Ask Emma - is ballet too old-fashioned for my child?

Children can respond well to the formality of ballet. Pictured are Sinead Vidler’s Academy Ballet in Sydney
Children can respond well to the formality of ballet. Pictured are Sinead Vidler’s Academy Ballet in Sydney Photo: ROSE PHOTOGRAPHY

Emma Sandall answers readers' questions.

Dear Emma,
I am wondering whether to send my child to ballet classes or not. I worry that ballet training is too strict and perhaps old fashioned for a child in this day and age.
– Parent of six-year-old potential dance student

Dear Parent,

This is a valid question. Ballet is sometimes regarded as antiquated today, and it is not suited to every child. It definitely calls for a lot of discipline and self-control, which some children find too restricting. 

I think ballet training is good for creative spirits because it instils a disciplined approach to work that is enormously helpful in all the arts and life in general. Many important life lessons can be learned from ballet training beyond discipline. 

1) Facing challenges. Ballet is not easy for anyone. Every lesson, there are steps to learn and perform which are physically and mentally demanding. Facing and overcoming these challenges regularly prepares children well for all forms of learning. It makes them determined and resilient, qualities that serve us well throughout our lives. 

2) Taking corrections positively. With a good teacher, ballet students learn early on that corrections are a means to improving their performance rather than personal criticism. Seeing corrections in a positive light like this makes the path to improvement in anything that much smoother.

3) Managing time. Ballet students learn to get to class on time with all the necessary kit. Few teachers tolerate tardiness. Often the students take the responsibility to make their parents get them there on time! This is a valuable life tool for thinking ahead and planning.

4) The advantages of healthy competition. In the ballet studio a child is surrounded by students from different backgrounds with different skills. Most have at least one strength in the class – whether it is timing or turning or jumping. Working together week in, week out, and with the guidance of a wise teacher, children watch and learn from their classmates’ different qualities, and at the same time develop a strong sense of camaraderie.

5) Good old-fashioned etiquette. In the ballet class, students are quiet and concentrated. They dress in the correct uniform. They listen to the teacher respectfully and follow his or her instructions. In this way, the work is achieved quickly and efficiently, and no one student’s attitude or personality gets to take over the room. They learn to get on with it and that their effort is no more important than the next person’s. Although this kind of etiquette is not fashionable today, I still think a lot can be learned from it as part of a balanced upbringing.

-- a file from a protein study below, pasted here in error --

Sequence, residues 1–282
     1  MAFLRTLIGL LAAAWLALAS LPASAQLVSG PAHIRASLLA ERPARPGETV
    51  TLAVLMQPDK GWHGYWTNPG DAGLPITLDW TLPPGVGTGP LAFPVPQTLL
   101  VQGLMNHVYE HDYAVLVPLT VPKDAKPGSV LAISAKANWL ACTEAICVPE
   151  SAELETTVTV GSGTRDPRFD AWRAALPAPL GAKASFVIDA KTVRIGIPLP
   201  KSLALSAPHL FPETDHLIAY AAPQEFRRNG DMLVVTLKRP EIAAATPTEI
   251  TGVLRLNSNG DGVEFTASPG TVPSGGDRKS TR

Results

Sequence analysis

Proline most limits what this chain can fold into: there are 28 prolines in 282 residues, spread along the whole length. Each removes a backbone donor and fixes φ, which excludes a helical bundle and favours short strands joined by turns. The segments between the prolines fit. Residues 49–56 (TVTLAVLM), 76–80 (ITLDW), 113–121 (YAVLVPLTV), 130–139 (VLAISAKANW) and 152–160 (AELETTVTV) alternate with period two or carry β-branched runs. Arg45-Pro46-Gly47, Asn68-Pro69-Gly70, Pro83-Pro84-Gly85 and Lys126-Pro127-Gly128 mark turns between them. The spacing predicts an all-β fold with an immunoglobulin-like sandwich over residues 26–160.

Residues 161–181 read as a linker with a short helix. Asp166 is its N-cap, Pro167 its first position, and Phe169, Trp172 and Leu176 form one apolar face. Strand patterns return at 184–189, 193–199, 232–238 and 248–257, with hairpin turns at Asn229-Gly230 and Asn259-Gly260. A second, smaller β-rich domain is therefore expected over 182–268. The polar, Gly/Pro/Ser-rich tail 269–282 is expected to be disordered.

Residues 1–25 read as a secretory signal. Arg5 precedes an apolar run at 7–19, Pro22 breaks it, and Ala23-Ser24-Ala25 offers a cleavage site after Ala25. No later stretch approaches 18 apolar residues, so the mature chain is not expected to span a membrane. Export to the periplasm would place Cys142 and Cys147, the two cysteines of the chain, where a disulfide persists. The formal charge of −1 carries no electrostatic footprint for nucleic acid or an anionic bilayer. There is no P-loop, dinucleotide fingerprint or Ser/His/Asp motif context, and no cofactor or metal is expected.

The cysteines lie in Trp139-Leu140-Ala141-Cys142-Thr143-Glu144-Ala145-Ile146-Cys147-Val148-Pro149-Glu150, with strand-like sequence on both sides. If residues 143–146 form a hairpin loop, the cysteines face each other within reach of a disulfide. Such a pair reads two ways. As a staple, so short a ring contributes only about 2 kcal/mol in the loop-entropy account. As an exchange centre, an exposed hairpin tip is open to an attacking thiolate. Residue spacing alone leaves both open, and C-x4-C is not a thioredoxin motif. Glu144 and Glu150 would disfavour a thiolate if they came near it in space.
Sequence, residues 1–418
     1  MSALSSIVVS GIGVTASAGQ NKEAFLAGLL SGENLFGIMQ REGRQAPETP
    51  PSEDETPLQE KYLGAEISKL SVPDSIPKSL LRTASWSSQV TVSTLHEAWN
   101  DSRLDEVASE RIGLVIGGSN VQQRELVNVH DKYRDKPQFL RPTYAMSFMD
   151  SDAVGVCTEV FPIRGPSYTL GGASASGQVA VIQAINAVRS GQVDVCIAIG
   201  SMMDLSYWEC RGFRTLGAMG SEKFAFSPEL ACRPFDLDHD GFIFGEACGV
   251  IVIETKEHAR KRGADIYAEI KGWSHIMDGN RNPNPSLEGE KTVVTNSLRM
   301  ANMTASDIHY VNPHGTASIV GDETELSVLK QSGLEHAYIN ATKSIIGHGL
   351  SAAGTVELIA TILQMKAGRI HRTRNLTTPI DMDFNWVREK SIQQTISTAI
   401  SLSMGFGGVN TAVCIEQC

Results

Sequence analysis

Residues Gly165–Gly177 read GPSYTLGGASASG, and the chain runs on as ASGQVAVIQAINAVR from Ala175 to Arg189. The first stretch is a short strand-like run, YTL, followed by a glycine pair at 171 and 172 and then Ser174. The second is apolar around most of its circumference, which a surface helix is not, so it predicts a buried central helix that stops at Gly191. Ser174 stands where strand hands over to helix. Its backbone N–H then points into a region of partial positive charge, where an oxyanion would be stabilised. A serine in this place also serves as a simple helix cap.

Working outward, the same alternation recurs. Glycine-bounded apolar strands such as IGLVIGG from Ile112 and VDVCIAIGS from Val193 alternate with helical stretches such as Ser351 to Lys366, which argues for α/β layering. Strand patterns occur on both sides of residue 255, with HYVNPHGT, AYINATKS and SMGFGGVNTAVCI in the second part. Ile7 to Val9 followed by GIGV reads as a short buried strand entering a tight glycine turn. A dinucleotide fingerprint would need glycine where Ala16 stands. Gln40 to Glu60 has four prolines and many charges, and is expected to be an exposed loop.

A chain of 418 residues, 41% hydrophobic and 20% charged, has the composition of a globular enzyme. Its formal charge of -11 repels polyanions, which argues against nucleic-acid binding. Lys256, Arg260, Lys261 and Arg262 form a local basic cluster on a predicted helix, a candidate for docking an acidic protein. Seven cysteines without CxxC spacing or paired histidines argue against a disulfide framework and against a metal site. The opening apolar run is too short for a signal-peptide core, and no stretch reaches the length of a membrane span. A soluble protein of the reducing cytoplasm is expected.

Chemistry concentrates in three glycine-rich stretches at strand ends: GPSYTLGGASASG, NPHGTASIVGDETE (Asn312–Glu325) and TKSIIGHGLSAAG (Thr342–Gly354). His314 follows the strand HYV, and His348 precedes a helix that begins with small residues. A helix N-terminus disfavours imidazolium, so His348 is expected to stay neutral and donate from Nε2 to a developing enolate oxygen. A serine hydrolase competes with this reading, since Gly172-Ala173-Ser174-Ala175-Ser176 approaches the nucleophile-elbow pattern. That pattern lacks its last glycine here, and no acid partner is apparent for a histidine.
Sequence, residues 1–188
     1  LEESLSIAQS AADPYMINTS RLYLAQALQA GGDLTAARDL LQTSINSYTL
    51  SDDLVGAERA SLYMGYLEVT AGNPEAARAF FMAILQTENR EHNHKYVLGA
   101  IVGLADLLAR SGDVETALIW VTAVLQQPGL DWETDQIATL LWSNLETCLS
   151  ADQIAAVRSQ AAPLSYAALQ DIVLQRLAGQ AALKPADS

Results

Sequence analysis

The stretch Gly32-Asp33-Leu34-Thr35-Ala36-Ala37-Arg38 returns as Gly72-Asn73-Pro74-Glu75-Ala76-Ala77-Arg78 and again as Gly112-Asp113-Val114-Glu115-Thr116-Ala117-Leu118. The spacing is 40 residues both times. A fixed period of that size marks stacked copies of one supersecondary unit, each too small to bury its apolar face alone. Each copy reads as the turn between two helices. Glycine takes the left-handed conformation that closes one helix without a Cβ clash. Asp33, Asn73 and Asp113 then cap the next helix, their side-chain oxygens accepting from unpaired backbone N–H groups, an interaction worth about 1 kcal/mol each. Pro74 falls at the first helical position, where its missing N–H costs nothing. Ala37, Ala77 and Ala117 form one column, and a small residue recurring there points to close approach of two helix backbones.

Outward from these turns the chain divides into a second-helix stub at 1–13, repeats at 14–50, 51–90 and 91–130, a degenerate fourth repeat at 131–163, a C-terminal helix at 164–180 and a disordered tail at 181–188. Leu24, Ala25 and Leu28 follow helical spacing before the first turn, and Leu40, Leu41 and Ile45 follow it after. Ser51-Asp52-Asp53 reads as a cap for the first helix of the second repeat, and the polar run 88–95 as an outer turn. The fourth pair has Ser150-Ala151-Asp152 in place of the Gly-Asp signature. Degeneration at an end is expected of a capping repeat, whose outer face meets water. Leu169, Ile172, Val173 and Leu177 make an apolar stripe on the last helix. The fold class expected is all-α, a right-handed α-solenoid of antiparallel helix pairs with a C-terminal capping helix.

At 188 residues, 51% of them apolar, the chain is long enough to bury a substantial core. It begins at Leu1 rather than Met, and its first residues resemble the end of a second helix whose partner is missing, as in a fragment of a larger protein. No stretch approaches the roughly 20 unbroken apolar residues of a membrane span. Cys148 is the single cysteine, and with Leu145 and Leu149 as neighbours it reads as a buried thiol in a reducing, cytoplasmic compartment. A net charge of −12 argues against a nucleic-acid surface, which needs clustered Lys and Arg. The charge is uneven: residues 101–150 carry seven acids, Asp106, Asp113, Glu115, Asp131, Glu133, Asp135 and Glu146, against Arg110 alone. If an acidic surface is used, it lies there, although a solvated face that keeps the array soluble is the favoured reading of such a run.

Young pupils at Sinead Vidler’s Academy Ballet in Sydney.jpg

6) Exposure to culture and the arts. Ballet developed out of a variety of cultural influences and these are built into the steps the children learn and the music they dance to. This window to the past greatly broadens their art scape, especially if the lessons are combined with the history of ballet.

7) A musical education. Ballet training develops a profound understanding of music through movement. They learn time signatures -- the difference between moving to a waltz, a mazurka, a march or a polka for example. They also develop an embodied understanding of various musical modes, tones and tempi that translates into a rich understanding of communication and art in general.

8) They learn to carry and present themselves well. With a good and careful teacher, learning ballet can build respect for oneself and one’s body. Unlike other physical activities, ballet training is slow and specific, and it requires students to pay close attention to their posture. They learn to carry themselves with pride and this can build healthy respect for the body to carry them through life.

Certain aspects of ballet do feel outdated, but these are mostly related to the role of women and men in classical ballets rather than to the training itself. And the only way that will change is if young people who like to dance take it up, take it seriously, and start to make their own works from this unique art form.

Pictured: Children learn many useful lessons in ballet class that go beyond the steps. Pictured are young pupils at Sinead Vidler’s Academy Ballet in Sydney.





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